So, I discovered on one trip from Missouri to California that I could lock my throttle, lean back against the backrest, and put my feet over the handlebars, and be very comfortable, and still guide the bike quite satisfactorily (on Interstate 40).
I had been doing this for a while on fine summer day somewhere west of Needles. Problem is, when leaned back, I could not see behind me in my mirrors very well. At one point, I decided to check, so I leaned up a bit, and guess what I saw? A black and white Mustang with flashing lights. Oops. So, I carefully pulled my feet down, got my composure, and pulled over.
The CHP came up to me, and the first thing he said was, "Do you think that is safe?"
Now, how do you answer that? Be a smartass or admit guilt?
"Well, maybe not."
"How long you been doing that?"
(Honestly:) "Since New Mexico."
After spending about 20 minutes running my numbers back in the car, he came back (I think he was looking up what to write me for). He said, "You know, if there were any more traffic, I'd write you up for careless driving. But, this is what I'm going to do. I'm citing you for speed unsafe for conditions - the conditions being having your feet over the handlebars, and a safe speed zero."
I thought I got off fairly lightly. I paid the ticket, and never did it again.
Oct 4, 2001 4:50 PM
|I suspect he had to get on his radio and do a little research to find out what section to use.
My first duty station was Barstow. I worked the old Rt 66 section that went through Amboy on several occasions. One time they gave me a car in the middle of the summer that had no air conditioning. I pulled over once and looked at a thermometer nailed to a tree at a gas station, it read 120 degrees in the shade! I think I might have burned a couple of brain cells, but I still had enough left to complete a transfer request. I ended up being transfered to The Redwood City Office and worked E. Palo Alto for two months striaight. I sometimes wished I was back in Amboy working in 120 degree heat....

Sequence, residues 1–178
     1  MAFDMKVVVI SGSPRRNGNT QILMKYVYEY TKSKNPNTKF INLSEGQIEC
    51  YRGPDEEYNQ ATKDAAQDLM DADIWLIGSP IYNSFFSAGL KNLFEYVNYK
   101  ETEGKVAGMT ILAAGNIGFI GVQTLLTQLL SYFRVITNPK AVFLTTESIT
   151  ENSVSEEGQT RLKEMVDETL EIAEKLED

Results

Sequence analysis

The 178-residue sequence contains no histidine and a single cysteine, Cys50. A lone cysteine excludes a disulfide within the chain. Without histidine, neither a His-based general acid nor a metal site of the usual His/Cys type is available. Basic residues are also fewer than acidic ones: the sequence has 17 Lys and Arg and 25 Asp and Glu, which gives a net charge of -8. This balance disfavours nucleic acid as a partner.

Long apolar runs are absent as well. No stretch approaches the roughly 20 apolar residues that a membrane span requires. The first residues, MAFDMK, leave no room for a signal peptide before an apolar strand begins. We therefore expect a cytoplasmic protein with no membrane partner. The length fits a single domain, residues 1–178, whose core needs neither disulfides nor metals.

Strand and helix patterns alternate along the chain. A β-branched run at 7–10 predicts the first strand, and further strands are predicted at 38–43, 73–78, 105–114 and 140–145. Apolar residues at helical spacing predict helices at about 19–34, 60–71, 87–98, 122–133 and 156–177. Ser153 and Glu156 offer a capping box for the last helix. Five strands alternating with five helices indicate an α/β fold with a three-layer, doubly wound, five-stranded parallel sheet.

Oct 5, 2001 6:51 AM
|Yup, not much to see out there in the desert. I'd imagine the CHP job is a bit different out there than in metro areas. Can't believe they'd give you a car with no A/C. That's probably a civil rights or OSHA violation. I'll be going through Amboy on my bike next Sunday about noon. Oh, boy.
Oct 5, 2001 8:18 AM
|Keep an eye out for Roy's Cafe in Amboy, you can't miss it, it's the whole town. I used to take coffee breaks there and it has been used as back drops in several movies. Yep the job in the desert was different. Good luck on your ride. I watched a clip on OLN about Raam, seems intriguing...|
|It's impossible to obey them all||mr_spin|
Oct 3, 2001 7:08 AM
|Considering the sheer number of traffic laws on the books, there's a pretty good chance you are breaking some law at any given moment. Even if your car is parked in your driveway!
Everyone has blown a stop sign at some point. I ride a lot of rural roads and almost never stop at stop signs out in the middle of nowhere. When I have a great view in all directions, often I won't even slow down.
If there is a car coming or already there, that's a different story. There's no way I'm going to blow through the sign in that situation, and it always amazes me and pisses me off when I see people do it. Not only is it very unsafe, but it is incredibly annoying to drivers. Most of us are drivers, so it's in our own best interest not to annoy ourselves.